The Scranton tribune. (Scranton, Pa.) 1891-1910, October 10, 1896, Page 4, Image 4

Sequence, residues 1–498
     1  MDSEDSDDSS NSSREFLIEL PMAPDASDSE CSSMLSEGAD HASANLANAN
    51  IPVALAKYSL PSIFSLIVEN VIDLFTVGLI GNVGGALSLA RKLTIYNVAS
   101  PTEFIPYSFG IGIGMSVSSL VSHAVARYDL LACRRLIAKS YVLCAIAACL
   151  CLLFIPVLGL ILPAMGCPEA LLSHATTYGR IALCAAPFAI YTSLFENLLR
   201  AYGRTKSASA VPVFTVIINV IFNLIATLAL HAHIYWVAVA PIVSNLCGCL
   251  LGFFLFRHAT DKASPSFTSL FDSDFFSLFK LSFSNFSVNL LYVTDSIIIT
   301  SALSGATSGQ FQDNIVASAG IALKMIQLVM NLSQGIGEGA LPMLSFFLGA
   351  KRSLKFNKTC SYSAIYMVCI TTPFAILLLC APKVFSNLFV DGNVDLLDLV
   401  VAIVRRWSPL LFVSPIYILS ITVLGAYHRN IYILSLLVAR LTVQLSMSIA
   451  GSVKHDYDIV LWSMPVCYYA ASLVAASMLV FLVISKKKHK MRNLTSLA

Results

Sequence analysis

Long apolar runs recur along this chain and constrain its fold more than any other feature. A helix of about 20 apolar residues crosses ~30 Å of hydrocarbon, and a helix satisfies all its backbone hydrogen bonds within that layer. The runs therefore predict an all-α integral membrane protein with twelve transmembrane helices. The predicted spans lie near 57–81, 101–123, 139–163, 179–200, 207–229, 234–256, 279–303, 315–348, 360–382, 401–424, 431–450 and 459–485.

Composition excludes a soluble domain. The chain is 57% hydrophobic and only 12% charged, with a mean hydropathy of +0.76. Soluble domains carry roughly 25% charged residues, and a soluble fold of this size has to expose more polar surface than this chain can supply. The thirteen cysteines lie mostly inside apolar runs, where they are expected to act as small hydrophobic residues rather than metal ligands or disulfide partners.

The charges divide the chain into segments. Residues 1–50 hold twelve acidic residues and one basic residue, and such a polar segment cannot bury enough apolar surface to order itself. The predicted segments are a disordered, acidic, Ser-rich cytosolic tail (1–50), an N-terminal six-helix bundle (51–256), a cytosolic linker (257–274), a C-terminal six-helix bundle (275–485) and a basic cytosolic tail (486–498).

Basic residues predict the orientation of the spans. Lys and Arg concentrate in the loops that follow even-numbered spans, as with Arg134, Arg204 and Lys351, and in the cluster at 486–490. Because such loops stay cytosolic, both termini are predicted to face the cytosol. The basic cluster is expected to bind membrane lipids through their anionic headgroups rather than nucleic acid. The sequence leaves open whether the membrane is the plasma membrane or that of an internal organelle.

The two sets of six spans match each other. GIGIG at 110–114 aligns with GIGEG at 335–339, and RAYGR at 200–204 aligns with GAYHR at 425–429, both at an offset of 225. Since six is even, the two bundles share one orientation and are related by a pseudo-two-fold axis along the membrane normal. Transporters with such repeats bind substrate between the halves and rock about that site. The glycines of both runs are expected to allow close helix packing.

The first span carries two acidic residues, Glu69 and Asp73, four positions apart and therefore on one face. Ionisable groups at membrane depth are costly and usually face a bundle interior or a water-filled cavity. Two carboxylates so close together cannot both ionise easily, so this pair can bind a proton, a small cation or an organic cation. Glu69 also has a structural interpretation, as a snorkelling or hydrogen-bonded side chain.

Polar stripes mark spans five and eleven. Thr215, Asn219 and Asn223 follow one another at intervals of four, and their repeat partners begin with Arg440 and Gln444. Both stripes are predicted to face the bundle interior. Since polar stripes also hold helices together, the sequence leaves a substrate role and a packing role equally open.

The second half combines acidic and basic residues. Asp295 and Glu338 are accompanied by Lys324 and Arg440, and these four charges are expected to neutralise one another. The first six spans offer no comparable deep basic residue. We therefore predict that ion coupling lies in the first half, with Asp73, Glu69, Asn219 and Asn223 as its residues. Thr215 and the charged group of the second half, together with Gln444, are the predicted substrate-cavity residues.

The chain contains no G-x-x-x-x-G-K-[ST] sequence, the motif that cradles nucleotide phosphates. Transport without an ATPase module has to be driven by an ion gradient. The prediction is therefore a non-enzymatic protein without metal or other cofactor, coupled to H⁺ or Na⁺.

u i THE SCBANTON" TRIBUNE-SATURDAY MOItNlNG, OCTOBER 10, 1890. $c gttanton riSune Eatlr sod Weelclr. No Sunday Edltioa. rcblkhfd ! Scranton, Pa, by The Tribune Pub ilsiuof Compear. C. N. KIPPLt, See' Tucu IIVV . RICHARD, Cerroe. W. W. DAVIS. Iiwnn Mamia. W. W. Y0UN08. Ao. Mam-s Kew York OOlee: Trfbuoe Rulldlax. Frank & Umy, lliuiif. IMIRID AT THS WSTOFTIoa T 8CRA.NT0M. PA,. AS UCOMD-CLABS MAIL HATTIR SCUANTON, OCTOBEU 10. 190. THE REPUBLICAN TICKET. NATIONAL. PrMlJent-WILMAM M'KINLEY. Vlce-I'realdent-aAHtKT A. HoBART. STATU. Congressmen - a' - I'ttrBo OALt'SHA A. GROW. SAMUEL A. PAVENPOKT. C'OIWTV. Coiwrwu-WILMAsTcONNEUg Commidnlotirrs-S. W. KOIIERIS, GILbS Auditors-A. E. KIEFER, FRED U WARD. m:;isi. ativk. Senate. 21st DIstrlrtCOL. W. J. 8COTT. Representative. 1st District JOHN FAKRi 2.1 DlHtrlet-A. T. CONNKLL. 3d District DR. N. ('. MACkhY; 4tll Dlstrkt-JOUN F. REYNOLDS. I'niler the circumstances we think It can fairly ! claimed that Scranton entertained the Christian Endeavor convention Fati.ifuctorlly and that the convention Itself was on 'thu whole a success. All concerned are therefore entitled to congratulations. One Good Term Deserves Another. A good policy In politics, us well ns In business, when you Ilnd the man faithful In the discharge of the dutlts of his otllce, and tnat he acts nlway for the bpBt Interests of his constit uents. Is to retain him. The Republican nominee In the Second leRlslatlve dis trict of this county. Hon. A. T. Connell, has been tried and found true. He has sized up to the requirements of his office in every particular. The Rible Fays "By their fruits ye shall know them," and an Investigation of Alex Oonnell's record shows results that en Uile him to the support of all the clti ens In his district, irrespective of poli tics. Largely through his efforts Scranton was selected as a meetliiB place for the Superior court. The effect of this bill Is to make Scranton the legal center of Northeastern Pennsylvania, as It al rrarty Is the center as far a business, clal ties, manufacturing Interest and rulln.ad facilities are concerned. Knch year this bill Lrintrs from $10,000 to Jl".- 000 to Scranton, and makes the ci:y prominent before the people of the Northeastern section of the state. It was he who had the sanitation bill amended so ns to include Journeymen plumbers within Its provisions, and by that placed the matter of plumbing- reg ulations entirely in 'the hands of the board of health. Since the passage of this act nearly all of the cities of th? third class in the state have adopted sanitation rules providing for the reg istration of master and Journeyman plumbers,, aiul securing to the worker In that Held of Industry nil of the ad Vantages' sought to be obtained by an other bill which had for years failed to pass, despite strong urging, The plumbers of Scranton know this fact and will emphasize It by their votes at the polls next November. The carpenters, stone masons, build ers and contractors are Indebted to Alex Connell for his labors In behalf of the amendment to 1he mechanic's lien law which provides that every contract con taining an agreement not to tile a me chanic's lien must be of record before the building Is started. By the terms of this act every man who works on a building is able to know whether or not a lien can be filed for his work and the material he furnishes in a building. Prior to the passage of this act an agreement could be made between the contractor and owner, and when the workman sought to enforce his Just claim for a Hen on the building he was confronted by the agreement between the contractor and builder and ruth lessly kicked out of court. But the one act that specially de serves the commendation of every cltl Een of this community Is his Introduc tion and championship of the only suc cessful bill providing that the state shall annually pay to poor districts caring for the Insane a sum equal to that advanced to the state asylums. TTnder the provisions of this act Scran ton received last year over $17,000. It will receive a larger amount this year, and a continually Increasing amount each succeeding year. The Connell bill was peculiarly drafted, so that the only poor district In the state which can take advantage of It Is this dis trict. Demands have frequently been made at other sessions bf the legisla ture for the passage of such a bill as this, but they had heretofore always failed. It was due entirely to the ef forts of Mr. Connell that the passage of this bill was secured and the citi zens of Scranton are now reaping the harvest of his arduous labors. The Scranton Times, whose editor, Mr. Ly nett. Is also secretary of the poor board, In commenting on the bill, some time since, stated that It meant a reduction of twenty-five per cent In the amount of taxes annually paid by every per son in the Scranton poor district. This bill practically gives Scranton a state asylum, and In place of taking large urns of money away from the com munity annually, as heretofore, distrib utes this money among local trades people. In addition to these acts, Mr. Connell l uu iri-uiu icui leaniy miiu cuuruKVUUH- ly on every measure that came before the house. Wherever he found the right to be, he stood for It unhesitat ingly and uncompromisingly, and his ' I record Is one of which any man m!eht well be proud. Can the voters of the Second legisla tive district turn such a man down? We think not. We believe that the peo ple of this district want Alex. Connell to represent them again at Harrtsburg and that they will not only vote for him, but also work for him from now until the polls close on the third day of next November, when they will prove to the people of the state that honest work is appreciated in this sec tion, and that the people In this com munity believe "that one good term de serves another." There Is this consolation In the spec tacle of our principal streets torn up for miscellaneous purposes: Such thing don't huppen In dead towns. An Important Mass Meeting. On Thursday evening of next vek a the Frothlngham theattr will b? heard In advocacy of Republican principles three speakers whom every voter in Lackawanna county ought to arrange to hear. One of these, Hon. Charles- Em ory Smith, editor of the Philadelphia Press and ex-minister to Russia, is well-known in a personal sense to many Scrautonlans, who heard him during the Hastings campaign two years ago. It is generally admitted that he is one of the most brilliant and polished ora tors as he Is also one of the most cour teous and estimable gentlemen In the United States. The opportunity to hear Mr. Smith cannot be called other than an intellectual treat. The othef two gentlemen who will speak at the meeting In the Frothlng ham come with national reputations for effective oratory and sound common sense. Hon. D. D. Woodmansee Is Presi dent of the Republican National League, and Hon. James II. Hoyt, of Cleveland, could have been governor of Ohio had he wished to, and In all probability will yet be of one Ohio's national senators. His oratory Is of the dashing order, and It has won for him a popularity as u public speaker second to that of no other Ohloan. There can be no question thut the Central Repub lican club Is particularly fortunate In being able to secure such an array of brains and eloquence for a congres sional district in which there does not appear to be a large element of doubt as to the election of the Republican candidate. We thus early call attention to this meeting In order that voters from out side the city may arrange to be pres ent. Sam Hudson, in accepting the Popo crutie congressional nomination In the Third district, informed the ward work ers that he was Bryan's "personal friend" and that no plums will ever be got from Itryau without his knowledge and consent. The question Is, did Bryan d -serve th:? George Du Mauricr. There Is very little doubt that pos terity will deny to George Du Maurier a place umong the immortals. His en trance Into the world of fiction was locket-like, and so timed tj a season c.f public liurtia us to command the ap plause then most effusively acc )ided lo novelty. "Peter Jbbetson" resettled a quaint and somewhat cynic humor and "Trilby" covered the whole ground be tween Parisian naughtiness, with 1U tang of Svengaliun mysticism, und un indulgent mastery over human foibles not unlike that familiarized by Thacke ray. Hut no philosophy can explain Its amazing vogue or fully account for its equally amazing subsequent drop in popular Interest. The episode In Its en tirety bids fair to remain forever un classified among the multiplying va garies of that most capricious of beings, the modern Jiterary public. All In ull, Du Maurier was a notable man. It was something to have be come the artist, or perhaps we should say the genteel caricaturist , that he was; and It was more to pass, as he did, In the evening of life, from the domain of art into that of letters and win In a few months seemingly greuUr dis tinction by far with the novelist's pen than had come to him dining a gen eration of assiduous and by no means Ineffective application to the palette und brush. As we would pay in our crude Yankee vernacular, he "broke the record";and any man who In thes'j days breaks a record Is entitled to have his name put In the category of trans lent greatness, along with the prize fighters, the race horses.the scorchers and the Napoleons of finance. But If we may be permitted to say of a man who has Just died what, with out wish to be ungrateful for some lidurs of honest enjoyment, appears to bf. no more nor less than the candid truth, it cannot Justly be held that the work of Du Maurier has enriched to any degree our permanent literature or lul l this generation under more 'than an evanescent obligation which Is fully discharged by the speaking of care fully qualified praise. By coming out for McKlnley Bryan'3 law partner will doubtless make sure of a double grist bn the firm's legal mill. By No Means a Walkover. It Is easy to attach too much Import ance to the predictions of the cam paign managers at this time. The other day Chairman Jones, of the Popocratle National committee, elected Mr. Bryan by nearly 400 electoral votes a palpa ble absurdity. And now Chairman Hanna retaliates with a guess that McKlnley will not only secure the elec toral votes of every Eastern state, of Ohio, Indiana, Michigan, Illinois, Iowa, Wisconsin, Minnesota, the Dakotas, Nebraska and Kansas, but of Dela ware, Maryland, Virginia, West Vir ginia, Tennessese and North Carolina in the south. And so it will go, nip and tuck, until the very eve of election. In the meantime, any one who is un willing to let his wishes act as father to his thoughts cannot fall to perceive that as election day draws nigh both parties, despite their roseate newspa per claims, are massing their oratori cal, literary and mechanical resources in the belt of country bounded on Mia cast by Ohio, on the north by the do minion of Canada, on the south by the Ohio river and on the west by the Mis souri. In other words, they both rec ognize that there Is where the real battle will be fought to a decision. As goes a majority of the electoral votes of Indiana, Illinois, Michigan, Minne sota and Iowa, so will go the presi dency. Nor Is there among dispassion ate Republican observers more than a hope of breaking the solid south. If it breaks at any point It will be, In Dela ware and Maryland, and even in those states the odds of battle are to all ap pearances with the enemy. This, however. Is not necessarily dis couraging. The chances are dally growing brighter that Protection and sound money will secure In each one of the foregoing five pivotal states n substantial plurality, and this, with or without assistance from the south, will elect McKlnley handsomely. The only mistake liable to be made by Republi cans Is in Imagining that the opposi tion is no longer to be feared. It Is to be feared, regardless of superficial ap pearances, just so long ns It stands as a menace to business prosperity und to the preservation unsullied of our na tional honor. Mr. Bryan has been likened to u mod ern, David bent on slaughtering the lioliuthun giant of corporate abuses; but unhappily for the metaphor the Scriptural David used a stone In u. sling whereas Bryan's only weapon Is un Irrepressible lung. The report that the Palmer and luckner t'toolplgeon ticket Is to be withdrawn before election Is probuMy too good to be true. Yet It Is In every way desirable to have a fair and open fight. It seems within the limits of truth to say that the earl of Rosebery has proved himself the international dis appointment of the aj:e. John Locke on National Finance In the great treatise on the value c.f money by John I.orke (see workn of John Locke, London, 1K3, vol. 0, one of the most acute und logical reusoner that any nation or any use bus given to the world, he dellncs money to be necessary to nil sorts of men In trade "both for counters and for pledges." This In his quaint and old fashioned way of suylng that It Is both a nieusure or stundunl of value and a medium of exchange. .Money, he tells us, carries with It as "counters" what he calls "even reckoning;" unit as "pledges" it curries-, "security that he that receives" it shall have the same value for it again, of other things that he wants, whenever be pleases. The one of these It does by its stamp und denomination; the other ly its Intrinsic value, which Is Its quantity." The standard money of Locke's day was silver. A given quantity of sliver, wheth er stamped or unstamped, has a certain Intrinsic value, und this intrinsic value constitutes the "security that he that re ceives it shall hnve the same value for it again." The only purpose of the stamp and denomination Is to make a given quantity of silver serve as a "counter," in order that there may he "even reckoning" In all business transactions. The stamp he correctly declares to be nothing more than "a public voucher of Its weight und fineness;" and so little Importance does he attach to the denomination, thut he observes that "here in England there might as well have been twelve shillings In a penny, us twelve pence In a shilling." o liaslhg his argument, ns he does, upon the fumlamcntttl truth that there Is und can he no dilTercnce In value between bull ion coined und uncoined, und upon the supplemental truth thut the value of bull ion Is measured by Its weight, he explains to his readers that "the necessity of pro portion of money to trade depends on money, not as counters, for the reckoning may he kept or transferred by writing; but on money as a pledge, which writing cannot supply the place of, because a luw cannot give to bills thut Intrinsic value which the universal consent of mankind has uunexeil to silver and gold." This Is the very essence of the fatal objection to our modern American "greenback'' heresy. The greeubucker regards money merely as "counters," and very truly ar gues that there Is no need thut money, from this point of view, shall have lutrin. sic value, lint he overlooks the fact that money Is also "a pledge," und that a pledge or security must have Intrinsic value. If It has no Intrinsic value, It will be accented iii trade only on trust, as n memorandum of Indebtedness to be dis charged at some future time; and, the mo ment that coulidence is shaken in Its ul timate redemption, its nominal value be gins to decline, until, when confidence in Its redemption Is destroyed, it no lunger passes current. o Concerning the vexed question of the amount of money required, Locke re marks thut It Is hard to determine the nec essary proportion of money to trade, "be cause it depends not barely on the quan tity of money, but the quickness of its circulation. The very same shilling may, at one lime, pay twenty men In twenty days; lit another, rest in the sunie hands u hundred days together." He anticipates the argument of Mr. Ilryun and others who advocate the chcupenlng of the American dollar, and even .Mr. Bryan's quaint illustration taken from the "teeter-board," 111 the following words: "There Is another seeming consequence of the re. duclng of money to u low price, which at llrst sight has such an appearance of truth in It, that I have known it to im pose upon very able men; ami that Is that the lowering of Interest (against which he was writing) "will raise the value of all other things in proportion. For money being the counter-balance to all other things purchasable by it, ami lying, ns It were. In the opposite scale of commerce, it looks like ii natural consequence, that ns much us you take off from the value of money, so much you add to the price of other things that are exchanged for It. The mistake of this plausible wny of reasoning will be easily discovered, when we consider that the measure of the value of moneyvln proportion to anything purchasable by it, is the quantity of the ready money we have In comparison with the quantity of that thing und its vent " (by "vent" he means demand In Its rela tion to supply); "or. which uniounts to the Mime thing, the price of any eonimoditv rises or falls, by the proportion of the milliner of buyers anil sellers." In other words, the ratio which determines prices Is not the ratio betwien money and prop erty, but the ratio between the number of producers and that of consumers of ii'iv article In the market. Tills ratio Is not af fected, directly or indirectly, by the vol I rue of the currency. ".Money," he says, "serves us commonly by Its exchange, nevtr ulmost by Its consumption;" and lie adds, In direct contradiction to the theory held und promulgated by .Mr. ISrvan (that th only honest dollar is a stable dollar): "Though the u?e men make of money be not In Its consumption, yd It has not at ull a more standing, settled vulue, In ex change with any other thing, than any other commodity lias." o The Idea that legislation has power to alter the value of money moves him to mirth. "These men," he says, "have found out by a cunning project how, by the re straint of a law, to make the price of money one-third cheaper, nnd then they tell John a Nukes that ho shall have in. OUO of It to employ In merchandise or clothing; and John a Stiles shall have n . 0C0 C more to pay his debts; and so dis tribute this money as frtelv as Diego did his Ii gueles, which they are to have, even where they can get thorn. Hut till these men can Instruct the forward borrowers where they shall be furnished, they have perhaps done something to increase men's desire, but not made money one Jot easier to come by: and, till they do that, all thin sweet Jingling of money In their discourses Just goes to the tune of 'If ull the world were outmeal." " o This Is all very entertnlnlng nnd in structive; but the Interest for us here and now of Locke's teachings on the suhjet of money culminates in his discussion of the nature nnd effect of "ellnplng" or "raising" coin. Money is "raised' in the sense which he attaches to the word, when its nominal vulue exceeds Its actual value. What he means by rulsed coin Is what we mean by depredated coin. When ever coin has two values, one actual and one nominal, we may of course fix our minds upon either; the nominal vulue Is raised, when the actual value falls. Clip ping was an unauthorized method of rais ing coin, closely allied to counterfeiting. F.vcry student of Kngllsh cittory knows thut It wt'.s once so common Hint serious an evil ns to demand the se crest meas ures for Its repression, so that It was treated as a capital offence, being such an encroachment upon the prerogative of the crown as to smack of veritable treat-on. Any alteration in the legal standard or value which has the effect to depre ciate the mint valuation of tbo eolti of the realm. Is, un the part of the crown, the equivalent of clipping tiy prlvute per sons. Against this fully Locke inveighs with a restrained power of logic almost amounting to In tela etna I passion. Near ly ull thut he says about It Is susceptibbi of uirect application to existing condi tions in the i nited states and to tne finan cial controversy which will decide the presidential election next month. o Locke was nut u bimetallism nur a be liever In a su-called "double standard," as uppears from his remark thut "silver, and silver alone, Is the measure of commerce." (there was then little gold In the world; und silver was fur less plentiful than now). "Two metals, as gold ami silver, cannot be the measure ot commerce both together In any eounliy ; be u use the meas ure uf commerce must be perpetually the same. Invariable, anil keeping the sumo pioportlon in all its parts, inn su only one metal does, or can do, to Itself, so silver is 10 silver, and guld lo gold. An ounce of sliver Is always of equal value to an ounce of silver and un ounce of gold to an ounce of gold, and twu ounces of the one or the other, of double the value to un ounce of the tame. Rut gold and sliver change their value one tu another; and one may us well make a measure e. g. a yard, whose parts lengthen und shrink, us a measure or trade of materials that have not always a settled. Invariable value to one another," He therefore desired that silver might alone be recognised as the legal standard of valuation, und gold be treated us a commodity. Hut he cau llolied his readers Unit "the value of di ver, considered us money and the meas ure of commerce, Is nothing but Its quan tity." n "Nobody." he thinks, "can be so sense less us lo imagine that 19 grains or ounces of silver shall at the same time exchange for, or buy, us much corn, oil, or wine as 2i. which Is to raise It to the value of 2V The Just effect, he tolls us, ot "raising" silver by one-twentieth nut one-half, as Is proposed In the Chicago platform will b" to "rob all .creditors of une-twentleth ot their debts,' and all landlords of one. twentieth of their quit-rents forever." The second will be that "men will present, ly raise their commodities 5 per cent., so that if yesterday 2D crowns would ex change for 20 bushels of wheat, or 2i yards of a certain sort of cloth, if you will today coin current crowns one-twentieth lighter, and make them the stand urd, you will find 2u crowns will exchunge for but I!) bushels of wheat, or 1!) yards of that cloth, which will be Just as much sli ver for a bushel as yesterday. Silver will be "of no more real value by your giving the same denomination to a less quantity of it." It Is Impossible to state this prin ciple more clearly than Locke slates It, 111 the words: "So much as you lessen your coin, so much you must pay in tale, as will make the quantity or sliver the merchant expects for his commodity; un ler what denomination soever he receives It;" and again, "If you make your money less In weight, It must be made up In tale," that Is, in thu number of pieces paid out. The "raising" of money "Is In effect noth ing but giving a denomination of more pence to the same quantity of silver. Whether you call the piece coined twelve pence, or fifteen pence, or sixty pence, or sevenly-llve, a crown or a sceptre. It will buy no more slik, salt or bread than it would before." "It Is silver by Its quan tity, and not denomination, that Is the price of things." o Locke meets the familiar objection to this self-evident truth, that clipped coin Is accepted. In many transactions, at its face valuation, by observing that "clipped and undipped money will always buy un equal quantity of anything else, as long us they will without scruple change one fur another." It Is "all one to the seller, whether he receives his money In clipped money or no, so It be but current." But "if the quantity of your clipped coin be once grown so great, that the foreign mer chant cannot (if he has a mind to It) easily get weight money for It, he will. 111 selling his goods, either contract to be paid la weight money, or else raise the price of his commodity, according to the diminished quantity of silver In your current coin." The application of this remark to u silver dollar not worth its face In gold Is ob vious. The government can lionl a lim ited, but not uu unlimited, number of such dollars. o Locke moreover distinctly perceives and emphasizes the difference between past and future contracts. "In contracts al ready made, If your species" (coins or specie) "be by law coined a fifth part light er, under the same denomination, the cred itor must lake a hundred such light shill ings, or twenty such light crown pieces fur a . If the law calls them so, but lie loses one-llfth In the Intrinsic value of his debt. Hut, in bargains to be made and things to be purchased, money has. and always will have, its value from the quantity ef silver !u it, and not from the stamp and denomination." o Finally, upon the great question of the morality of raising the nominal value cf coin, this honest and Independent thinker remarks: "It will rob nil creditors of one-twentieth (or " per cent.) of their debts, und all landlords of one-twentieth of their quit-rents forever; and in all other rents, ns far as their former con tracts read, of ! per cent, of their yearly Income; and this without any advantage to the debtor, or farmer. For he. receiv ing no more pounds sterling for his land or commodities, In this new lighter coin, than he should have done of your old and weightier money, gets nothing by It. If you say, yes, he will receive more crowns, half-crowns, and shilling pieces, for what he now sells for new money, than he should have done, If the money uf the old slanuard had continued; you confess your money Is not raised in vulue, but in de nomination; since what your new pieces want In weight must now be made up in number. This Is at first sight vis ible. That In all payments to be received upon precedent contracts, if your money be in effect raised, the receiver will lose per cent." ICIsewhere he observes: "Mr. Lowndes" who was the Kngllsh Bryan of two hundred years ago, and who made the same complain! of the rising silver shill ing that Mr. Ilryun now makes of the ris ing gold dollar "says that sliver In Kng buul Is grown scurc and consequently dearer, and so Is of higher price. This, if It were so, ought not to annul any man's bargnin, nor make him receive less in quantity than he lent, lie was to re ceive again the same sum, and the public authority was guarantee, that the same sum should have the same quantity of silver, under the same denomination. And the reason is plain, why in Justice he ought to have the same quantity of silver again, notwithstanding any pretended rise of lis value. Kor If silver had grown more plentiful, and by consequence (by our au thor's rule) cheaper, his debtor would not have been compelled, by the public author ity, to have paid him. In consideration ef Its cheapness, a f renter quantity of silver than tiny contracted for. Coccunuts were the money of u part of America, when we llrst came here. Suppose then you had lent me last year 'Mi, or lifteeti score co coannts, lo be repaid this year, would you be satisfied, ami think yourself paid your due. If I should tell you, cocoanuts were scarce this year, and that four scure were of us much value this year us a hundred last: and that therefore you were well and fully paid. If 1 restored to you only 2-tu for the i I borrowed'.' Would you not think yourself defrauded of two-thirds" (one-tlfth) "of your right by such u pay. mem? Nor would It make any nrueii Is for this lo Justice, or reparation to you, that the public had (after your contract, which was made fur fifteen score) altered the denomination of a score, and declared 11 to he sixteen Instead of twenty." o Locke's reptitntlon as a philosopher Is too great and has been too enduring to be questioned. He lived nnd wrote two cen turies ago. At that time corporations, .'yndlciatis and trusts were unknown. There is no reference In his writings to paper money. Silver was the standard of valuation. He cannot, therefore, be ne ctistd of being in the pay of corporations, or upon the side of monopoly in opposi tion to the people, or of being actuated bv prejudice fur or against bank notes or treasury notes, or of being a blind worship per of the yellow metal. At that time the modern system of machinery ns n substi tute for hand labor had not begun to de velop, so that the labor question of today lid not affect his views. .Neither was there then the great expansion of commer cial credits, which the Inventive talent of the nineteenth century and the demands of business under the altered conditions of life have created, it must therefore ap pear, to every unprejudiced reader of his works, that a man of today. In the tTnited States, may hold the philosophic and econ omic oninlons which were maintained and defended with such perspicuity and force by this apostle of sound currency, without being Justly open to the charge of prejudice of nny sort, political of econom ical. Locke said of himself: "I shall never knowingly be on nny but truth's nnd my country's side; the former I shall always gladly embrace and honor whoever shows It me; and In these papers, I am sure I have no other nlm bvt to do what little I can for the service of my country." Jt Is In the same spirit of loyalty to truth and devotion to the honor of the American name, as well as to the prosoerlty of the American nation, Including all Its mem bers, whether employers or employed, rich or poor, ikbtora or creditors, pur chasers or consumers, buyers or sellers Republicans, Democrats, Populists, Pro lilliltlntilstr that this brief obstruct of his views und the arguments by which they are suported Is given to the public. Frederick -Ueward Wines. GOLDSMITH'S Special Bargain Bulletin FOR SATURDAY, OCTOBER 10 At Gents' Furnishing Counter A LOT OF SATIN TECK SCARFS AND HOWS, THE 25C. KIND AT MEN'S F.NGLISH CASHMERE HOSE, THE 30C. KIND AT 25C. GENTS' GENUINE IlfSSIA LEATHER WALKING AND DKIVINQ At Hosiery and Glove Counter 1JOY8' AND GIRLS' FAST BLACK HEAVY DERBY RIBBED HOSE WITH DOUBLE KNEES. SIZES 0 TO 10. AT I2H CENTS. LADIES' BEST LISLE THREAD HOSE, DOUBLE HEELS AND TOES, AT 25 CENTS. FOSTER'S BEST PIQUE KID GLOVES, HEAVY WEIGHT FOR FALL WEAR, THE 1.50 KIND AT 11.00. LADIES' HEAVY RIBBED UNDERWEAR, THE 25 CENT KIND, AT 19 CENTS. At Trimming Counter LADIES' COQUE FEATHER BOAS AT 69 CENTS TO $1.90. LADIES' OSTRICH FEATHER BOAS FROM $2.98 TO $19.98. FUR SCARFS AND COLLARETTES, THE LATEST SHAPES, AT VERY LOW FIGURES. At Lace and Handkerchief Counter ALL OF THE NEW STYLES IN FANCY LACE COLLARS AND COLLARETTES. A LARGE ASSORTMENT OF HEMMED, HEM-STITCHED AND SCALLOPED HANDKERCHIEFS AT 5 CENTS OR 6 FOR 25 CENTS. GUARANTEED PURE LINEN HEM-STITCHED HANDKERCHIEFS AT 10 CENTS. 200 DOZEN SCALLOPED AND EMBROIDERED SWISS HANDKERCHIEFS AT 12 CENTS. 100 DOZEN POINT DE VENICE HANDKERCHIEFS AT 22 CENTS. POINTS An Inspiration W almost lost when your pea catches and your ink spreads on yotir paper. GOOD STATIONERY Is one of the necessaries of civili zation that is indispensable. A favorite location for all classes is that of Reynolds Brothers, where a line assortment of every thing in first-class Stationery and (l tlice Supplies can be purchased. Students, lawyers, commercial men and society in general get their supplies Iteic, as everyone can be suited, both in price and quality. Reynolds Bros., Stationers and Engravers, HOTEL J13HMVN BUILDING. 1 M 1 Hi SO YOU WOULD SEE IT. Pants to measure, $3.00 And Up. Suits and Over- j coats to order, tULf First firm in thu city to make clothes to order at popular prices. Over two years of success prove Wit arc the best. GREAT ATLANTIC PANTS CO., 3I9 Lackawanna Ave. Christian Endeavor r MM - V STATIONERY Man und Souvenirs ot Fcronton. New York and Philadelphia papers. Full Proceeding of convention. Four Dollar Teacher's Bible, l.8o. - BEIDLEMAN. THE BOOKMAN 437 Spruce St., Opp.The Commonwealth.' i Immense Variety, Latest Novelties, Perfect Fitting, Excellent Workmanship, Rock-Bottom Prices. GREAT EASTERN SUII TND PI1IIIS ' COMPANY Branch 14. 427 Lackawanna Avenue, Scranton. Branch 14. FINE TAILORING WITHIN REACH OF ALL, AFINESHOW Of the latest in China and Silver ware for wedding or other gifts. Dinner Sets, Chamber Sets, Cut Glasses, Silver ware, Biic-aBrac. THE GLEMOKS. HER. 01LIEY . 172 UCKAWANNA AVc. WOLF & WEXZEL, 531 Linden., Opp. Court Hou, PRACTICAL TINNERS and PLUMBERS Sols Agents for Richardson Boyntou's Furnaces and Hangeg. No Charge for Alterations. . PBUB AND SUIIS BARGAINS FOR THE COMING WEEK : We are now ready for a busy, busy trade. We intend offering the greatest bargains ever seen in this city of first-class goods. Skillful buying in large quantities for ready cash and selling to you at bar gain prices that's our policy from now on. Watch u&. AU. WOOL KEIISEV CAPES-1 ull sweep wrnn and atltrhod Flatus inlniri. velvet collur. C7 Qft Instoad of S'HO BLACK BEAVER DOl'BLK CAPK- Trlmineil with braid nml fur. C I OX , fail nvep: olip t S4 00. at Pa.y-F jaunty beefkb fron t coats -Fine Brturln and Astraklmn rloth, Bilk I.u.mI, made to noil at Sill. CC QQ Ourprii'o BLACK BEAVER COAT-Bos front, four button, storm collar, cheap C- OA at s.viK) 4.yo Bl.OL'bti AND NORFOLK WAISTS Mixtnros nnd Shepnord'a rinll8.linl tbrouj(hout,cueap CI IS at J2. Our urice v.. ,V. ? TAILOR-MADE HUITS-AH Wool Cloth. newKt sIiu'Ioh, brown nnd xrcen mix ture; double liruastcd Rector .larttota. silk faced; cheap at CC Oft SUM. Our price STYLISH hUIT8-In new mixtures, cuev lots, oil wocd mrire, box nnd reofer jtfk'U. three-fourth silk lind: full Kktrts llnod and bound, res- Ctt Oft nlar prlre 112 ftO. at ,y JUST KECE1VKD-A new lot of Fliturod Slohuir Mtlrts in two-tone effects; also 111 m barks, rut full, lined and bound. Home values up to 15 C f Oft and J! at ". 3I.VO TAFFETA MLK BHIKT WAISTS-In changeable colors, lined, well made, can be worn with attachable col lars and enffs. elsewhere $0.01), CJ. AQ our prlco JVt.tv z. 421 LACKA. AVE. UNCART BAZAAR. 10 CENTS GLOVES, THE gl.uOKINDAT 79 CENTS. THE STETSON SOFT HAT. NONE BETTER. Conrad SELLS THEM AT 305 LACKA. AVE THIS IS THE MILLER STYLE. NONE NICER BLANK BOOKS Of all kinds, manufactured at aho? notice, at The Tribune Office.